On a hot June evening at Comedy Off Broadway, a crowd has turned up to see headlining hypnotist Ricky Kalmon. Opener and emcee Scott Wilson takes the stage to get things started, and even though the venue is comfortably air-conditioned, the crowd itself is borderline icy, with barely an audible response.
But Wilson is a stand-up veteran. He can handle this audience.
"I like you people. So far, you're very polite," Wilson says. "You're not interrupting me with outbursts of laughter or applause."
Suddenly, a crowd that has barely cracked a smile laughs in unison. The energy level goes up a couple of notches, which helps the remaining jokes in Wilson's 15-minute set get a warm response. After a few plugs for the club's schedule of performers and a flattering introduction, Wilson brings Kalmon out to a crowd that's now ready to have a good time.
When his set ends like this, Wilson feels like he's done his job, but it's only one of the duties he's happily taken on for the past 20 years as Comedy Off Broadway's in-house comedian and emcee.
Born in Little Rock, Ark., Wilson, 54, had a long and respectable run as a touring comedian before he became a staple at Lexington's premier comedy club. Growing up, his appreciation for comedy began when he listened to Bill Cosby's early comedy albums and occasionally caught Johnny Carson's monologue on The Tonight Show. But it was seeing the debut of another iconic comedy program at age 14 that set Wilson on his path to getting laughs.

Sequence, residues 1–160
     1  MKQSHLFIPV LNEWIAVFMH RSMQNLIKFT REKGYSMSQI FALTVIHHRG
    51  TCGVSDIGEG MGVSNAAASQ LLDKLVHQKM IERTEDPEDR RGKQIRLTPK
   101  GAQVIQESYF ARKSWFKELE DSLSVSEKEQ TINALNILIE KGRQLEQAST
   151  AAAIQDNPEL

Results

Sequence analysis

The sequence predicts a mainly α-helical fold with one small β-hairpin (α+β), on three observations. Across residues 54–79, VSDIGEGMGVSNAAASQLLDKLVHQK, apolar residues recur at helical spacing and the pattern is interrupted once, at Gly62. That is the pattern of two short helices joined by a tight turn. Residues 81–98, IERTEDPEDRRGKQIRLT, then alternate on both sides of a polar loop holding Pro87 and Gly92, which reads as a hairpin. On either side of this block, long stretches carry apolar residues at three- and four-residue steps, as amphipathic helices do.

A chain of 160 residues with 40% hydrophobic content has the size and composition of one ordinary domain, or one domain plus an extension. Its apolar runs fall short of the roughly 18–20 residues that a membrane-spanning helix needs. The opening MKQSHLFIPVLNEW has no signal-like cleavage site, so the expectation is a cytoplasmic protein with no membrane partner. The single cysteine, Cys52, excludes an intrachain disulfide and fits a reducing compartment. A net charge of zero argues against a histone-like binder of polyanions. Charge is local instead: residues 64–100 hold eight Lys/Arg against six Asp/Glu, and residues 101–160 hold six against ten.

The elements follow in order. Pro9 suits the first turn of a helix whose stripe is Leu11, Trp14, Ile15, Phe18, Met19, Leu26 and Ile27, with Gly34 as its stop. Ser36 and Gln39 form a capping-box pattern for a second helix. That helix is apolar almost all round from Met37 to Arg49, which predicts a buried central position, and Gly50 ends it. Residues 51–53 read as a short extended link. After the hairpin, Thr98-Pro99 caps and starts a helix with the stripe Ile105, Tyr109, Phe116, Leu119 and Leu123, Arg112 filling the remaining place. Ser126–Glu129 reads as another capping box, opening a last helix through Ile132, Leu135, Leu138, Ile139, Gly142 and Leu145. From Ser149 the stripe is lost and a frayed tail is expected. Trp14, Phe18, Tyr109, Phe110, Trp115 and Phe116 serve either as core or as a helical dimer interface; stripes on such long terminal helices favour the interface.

"The first time I saw George Carlin walk down the steps to do Saturday Night Live, that was it for me," he says. "That's what I wanted to do. I wanted to walk down those steps."
Wilson didn't begin taking any serious steps in that direction until he got to college. While doing one-year stints at both the University of Kentucky and Eastern Kentucky University, he emceed several events. Some, like a synchronized swimming competition at EKU, provided the perfect opportunity for him to show his affability and wit.
"I got the chance to inject humor into that and I got to pick and choose when I got the chance to do that and just see how the reaction was," he says.
In his 20s, Wilson would drive to Louisville every Tuesday night for weeks on end to hit up the city's open mike nights and try out material. He earned the respect of veteran comedians who came to those clubs, and stand-up acts from Louisville, Atlanta and Charlotte would have Wilson come along with them to emcee their shows in surrounding cities. The early 1980s stand-up comedy boom led to a lot of opportunities for Wilson, who worked his way up to a featured performer and occasional headliner, playing comedy clubs nearly 48 weeks a year across the country and earning a solid reputation in the business. At one point, he got the unexpected honor of serving as the opening act for legendary singer Tom Jones when he performed in Charlotte in 1995.
"I was pretty nervous about that," he says. "In the end, everything I've worked for and everything I put together for a show came together for 45 minutes."
During much of his stand-up career, his wife of 31 years, Peggy, has been by his side. They had one son, Garett, who had visited 17 states by the time he was two years old. Wilson eventually quit the road for his family and they made Lexington their permanent home in 1995. Soon after, Comedy Off Broadway, one of the first clubs Wilson ever headlined, asked him to come on as its in-house comedian.
While Wilson has held what he calls "the best part-time job in the world," he's worked in other areas. He worked in radio from 2000 to 2009, as a traffic reporter for three years at WVLK-FM and later as part of the morning team at WBUL-FM.